Ontario Highway 63
|Maintained by the Ministry of Transportation|
|Length:||63.5 km (39.5 mi)|
|Existed:||August 25, 1937 – present|
|South end:||North Bay northern city limits
(Continues south as Main Street)
|Highway 533 near Eldee|
|North end:||Route 101 between Thorne and Témiscaming|
King's Highway 63, commonly referred to as Highway 63, is a provincially maintained highway in the Canadian province of Ontario. The 63.5-kilometre (39.5 mi) route travels from Highway 11 and Highway 17 (the Trans-Canada Highway) in North Bay northeast to the Ontario-Quebec provincial boundary, where it continues as Route 101 into Témiscaming.
The route was assumed in 1937, following the merger of the Department of Northern Development (DND) into the Department of Highways (DHO), predecessor to the modern Ministry of Transportation of Ontario (MTO). It travelled from what was then Highway 11 (Main Street) in downtown North Bay northeast to its present terminus. The highway follows the same route today, with the exception of the westernmost 1.9 kilometres (1.2 mi), which were transferred to the City of North Bay in 1998.
Highway 63 begins at Highway 11 and Highway 17 (the Trans-Canada Highway) in North Bay and travels 63.5 kilometres (39.5 mi) northeast to the Ontario–Quebec provincial boundary, where Route 101 continues into Témiscaming. It travels through the communities of Feronia, Redbridge, Balsam Creek, Eldee and Thorne. Prior to 1998, the route included a 1.9-kilometre (1.2 mi) section of Cassells Street extending into downtown North Bay. Highway 63 is 63.5 kilometres (39.5 mi) long, situated entirely within Nipissing District.
Beginning in North Bay near Lake Nipissing, the source of the French River which flows down to Georgian Bay, Highway 63 travels east through suburbs. It exits the city and travels along the northern shores of Trout Lake, which serves as the headwaters of the Mattawa River, which flows into the Ottawa River and eventually the St. Lawrence River. The portion of Highway 63 west of Trout Lake travels between these water systems.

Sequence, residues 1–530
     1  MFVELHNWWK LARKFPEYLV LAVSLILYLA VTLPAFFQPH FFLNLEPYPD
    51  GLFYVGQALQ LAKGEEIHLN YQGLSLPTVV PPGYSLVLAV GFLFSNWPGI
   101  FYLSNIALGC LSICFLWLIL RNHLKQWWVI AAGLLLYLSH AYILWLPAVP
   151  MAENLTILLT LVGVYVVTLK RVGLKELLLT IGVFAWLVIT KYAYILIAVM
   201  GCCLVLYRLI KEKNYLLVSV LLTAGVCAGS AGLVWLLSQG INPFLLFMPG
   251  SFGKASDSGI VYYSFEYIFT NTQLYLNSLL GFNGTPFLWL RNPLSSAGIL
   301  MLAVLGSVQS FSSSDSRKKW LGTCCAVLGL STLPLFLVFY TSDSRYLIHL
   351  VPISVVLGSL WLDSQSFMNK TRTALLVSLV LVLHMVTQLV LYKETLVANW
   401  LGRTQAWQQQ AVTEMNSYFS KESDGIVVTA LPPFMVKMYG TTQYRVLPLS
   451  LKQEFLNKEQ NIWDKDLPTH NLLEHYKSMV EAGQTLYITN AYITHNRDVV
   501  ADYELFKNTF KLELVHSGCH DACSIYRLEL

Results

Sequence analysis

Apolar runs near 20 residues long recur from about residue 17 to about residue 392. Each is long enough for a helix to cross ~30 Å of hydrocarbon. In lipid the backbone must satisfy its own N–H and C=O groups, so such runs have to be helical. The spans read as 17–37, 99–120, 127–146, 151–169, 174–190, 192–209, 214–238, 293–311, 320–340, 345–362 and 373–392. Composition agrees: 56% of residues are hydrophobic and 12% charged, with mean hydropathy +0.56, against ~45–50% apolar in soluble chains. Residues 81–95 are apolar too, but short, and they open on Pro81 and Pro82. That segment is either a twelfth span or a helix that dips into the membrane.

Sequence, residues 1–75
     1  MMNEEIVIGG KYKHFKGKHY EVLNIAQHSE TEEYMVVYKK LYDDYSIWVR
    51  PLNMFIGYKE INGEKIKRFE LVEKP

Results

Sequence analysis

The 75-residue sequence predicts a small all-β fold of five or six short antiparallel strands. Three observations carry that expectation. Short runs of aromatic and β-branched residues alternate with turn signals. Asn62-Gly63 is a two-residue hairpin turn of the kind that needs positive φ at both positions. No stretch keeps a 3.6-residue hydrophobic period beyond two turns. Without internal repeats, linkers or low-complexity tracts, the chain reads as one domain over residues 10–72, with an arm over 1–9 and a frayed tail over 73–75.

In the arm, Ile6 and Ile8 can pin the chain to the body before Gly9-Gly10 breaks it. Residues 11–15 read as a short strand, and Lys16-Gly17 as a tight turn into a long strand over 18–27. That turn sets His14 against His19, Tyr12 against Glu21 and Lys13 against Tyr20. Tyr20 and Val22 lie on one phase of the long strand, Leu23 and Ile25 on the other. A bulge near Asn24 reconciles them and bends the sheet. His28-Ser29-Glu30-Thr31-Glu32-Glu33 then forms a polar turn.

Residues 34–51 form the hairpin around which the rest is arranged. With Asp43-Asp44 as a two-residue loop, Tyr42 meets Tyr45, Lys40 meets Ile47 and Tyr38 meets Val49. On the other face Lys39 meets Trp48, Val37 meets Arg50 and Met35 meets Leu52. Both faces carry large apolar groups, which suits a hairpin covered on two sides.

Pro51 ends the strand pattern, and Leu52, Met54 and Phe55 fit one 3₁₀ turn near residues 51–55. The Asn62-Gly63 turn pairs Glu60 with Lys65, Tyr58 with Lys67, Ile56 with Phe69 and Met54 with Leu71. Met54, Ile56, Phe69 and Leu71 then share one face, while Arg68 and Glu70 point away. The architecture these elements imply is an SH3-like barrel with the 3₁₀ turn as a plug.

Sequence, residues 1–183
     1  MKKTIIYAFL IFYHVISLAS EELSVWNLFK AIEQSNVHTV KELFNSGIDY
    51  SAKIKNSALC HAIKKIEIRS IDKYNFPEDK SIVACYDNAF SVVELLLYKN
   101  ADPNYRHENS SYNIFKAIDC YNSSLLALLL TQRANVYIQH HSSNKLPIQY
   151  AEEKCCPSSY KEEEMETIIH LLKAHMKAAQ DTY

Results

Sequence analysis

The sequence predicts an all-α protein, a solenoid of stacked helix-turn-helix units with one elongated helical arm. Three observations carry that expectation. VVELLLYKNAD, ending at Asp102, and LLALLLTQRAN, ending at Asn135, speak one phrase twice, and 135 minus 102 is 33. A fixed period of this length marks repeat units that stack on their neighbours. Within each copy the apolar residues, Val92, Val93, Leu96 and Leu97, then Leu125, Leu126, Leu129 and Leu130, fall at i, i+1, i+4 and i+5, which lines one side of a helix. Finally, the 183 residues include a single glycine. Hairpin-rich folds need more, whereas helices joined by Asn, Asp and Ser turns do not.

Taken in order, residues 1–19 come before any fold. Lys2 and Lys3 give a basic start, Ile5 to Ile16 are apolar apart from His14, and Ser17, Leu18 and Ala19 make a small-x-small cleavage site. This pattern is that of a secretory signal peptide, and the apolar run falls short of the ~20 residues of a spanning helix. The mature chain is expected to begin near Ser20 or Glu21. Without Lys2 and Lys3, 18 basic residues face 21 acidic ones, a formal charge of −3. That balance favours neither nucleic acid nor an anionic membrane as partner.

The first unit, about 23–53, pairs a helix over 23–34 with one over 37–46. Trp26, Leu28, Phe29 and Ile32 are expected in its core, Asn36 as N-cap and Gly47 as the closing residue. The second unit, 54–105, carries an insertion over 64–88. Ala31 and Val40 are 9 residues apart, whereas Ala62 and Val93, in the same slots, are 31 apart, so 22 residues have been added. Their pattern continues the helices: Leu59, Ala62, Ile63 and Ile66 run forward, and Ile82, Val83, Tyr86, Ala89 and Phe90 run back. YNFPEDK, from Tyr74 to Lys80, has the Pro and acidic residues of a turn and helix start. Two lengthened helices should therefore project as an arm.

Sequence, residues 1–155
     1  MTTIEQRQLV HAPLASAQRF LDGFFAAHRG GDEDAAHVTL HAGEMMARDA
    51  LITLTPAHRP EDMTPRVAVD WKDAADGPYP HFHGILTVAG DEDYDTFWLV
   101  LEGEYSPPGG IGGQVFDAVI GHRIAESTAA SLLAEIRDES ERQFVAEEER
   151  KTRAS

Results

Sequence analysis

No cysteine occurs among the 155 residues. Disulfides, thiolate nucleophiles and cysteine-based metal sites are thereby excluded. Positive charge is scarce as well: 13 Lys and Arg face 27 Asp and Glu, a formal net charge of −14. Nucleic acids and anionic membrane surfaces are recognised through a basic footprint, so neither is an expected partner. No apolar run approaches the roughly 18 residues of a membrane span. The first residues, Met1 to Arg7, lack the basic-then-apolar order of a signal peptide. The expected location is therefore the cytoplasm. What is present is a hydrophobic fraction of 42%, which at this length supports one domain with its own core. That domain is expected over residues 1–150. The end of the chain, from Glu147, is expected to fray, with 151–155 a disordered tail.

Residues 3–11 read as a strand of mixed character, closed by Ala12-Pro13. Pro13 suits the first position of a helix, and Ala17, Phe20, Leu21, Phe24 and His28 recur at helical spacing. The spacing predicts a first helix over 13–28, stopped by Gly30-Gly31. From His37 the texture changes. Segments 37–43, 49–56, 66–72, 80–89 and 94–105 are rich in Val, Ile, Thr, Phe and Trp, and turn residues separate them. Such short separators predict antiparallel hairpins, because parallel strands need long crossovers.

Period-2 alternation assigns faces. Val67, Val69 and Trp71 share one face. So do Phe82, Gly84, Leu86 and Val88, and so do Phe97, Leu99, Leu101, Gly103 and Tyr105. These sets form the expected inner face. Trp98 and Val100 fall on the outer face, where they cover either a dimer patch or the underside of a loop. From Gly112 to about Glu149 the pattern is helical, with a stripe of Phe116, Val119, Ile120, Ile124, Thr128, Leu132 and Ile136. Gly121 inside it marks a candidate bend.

The highway curves northeast to pass through the communities of Feronia and later Redbridge and Balsam Creek, after which it enters thick wilderness dominated by the Canadian Shield and Boreal Forest, with few residences or services outside of communities. It meanders northward, meeting the northern end of Highway 533, which travels south to Mattawa, approximately two-thirds of the distance between North Bay and the Quebec border. For the remainder of the highway, the route passes through isolated forests, travelling north, then curving east towards the Ottawa River. It passes through the community of Eldee before turning north alongside the river, following it up through Thorne. North of Thorne, the highway turns east and crosses the river into Quebec, becoming Route 101 and entering Témiscaming.
On August 25, 1937, the North Bay – Témiscaming Road was assumed by the DHO as Highway 63, connecting Highway 11 (Main Street) in downtown North Bay with the Ontario–Quebec border at Témiscaming. The road existed prior to this point as a northern development road. However, on April 1, 1937, the DND merged into the DHO. As a result, numerous highways were assumed in the northern regions of Ontario in mid-1937. The highway remained unchanged for over 60 years, until January 1, 1998, when the Connecting Link agreement through North Bay from Main Street to Highway 11 / Highway 17 - the North Bay Bypass - was rescinded. As a result, Highway 63 was shortened by 1.9 kilometres (1.2 mi).
|North Bay||Main Street||Transferred to North Bay in 1998; formerly Highway 11B / Highway 17B|
|0.0||0.0||Highway 11 / Highway 17||North Bay Bypass; Beginning of North Bay Connecting Link agreement|
|3.5||2.2||Rees Street||End of North Bay Connecting Link agreement; access to North Bay Water Aerodrome|
|Redbridge||17.7||11.0||Songis Road||North Bay city limits|
|Balsam Creek||23.5||14.6||Folkestone Road|
|39.2||24.4||Highway 533 – Mattawa|
|63.5||39.5||Ottawa River Bridge||Ontario–Quebec border|
|1.000 mi = 1.609 km; 1.000 km = 0.621 mi
- "Appendix 3 - Schedule of Assumptions and Reversions". Annual Report (Report). Department of Highways. March 31, 1938. p. 80.
- Ministry of Transportation of Ontario (2007). "Annual Average Daily Traffic (AADT) counts". Retrieved August 1, 2011.
- Mapart (2010). Ontario Back Road Atlas (Map). Peter Heiler Ltd. p. 105. § K18. ISBN 978-1-55198-226-7.
- Google (June 12, 2015). "Route of Highway 63" (Map). Google Maps. Google. Retrieved June 12, 2015.
- Shragge, John; Bagnato, Sharon (1984). From Footpaths to Freeways. Ontario Ministry of Transportation and Communications, Historical Committee. p. 71. ISBN 0-7743-9388-2.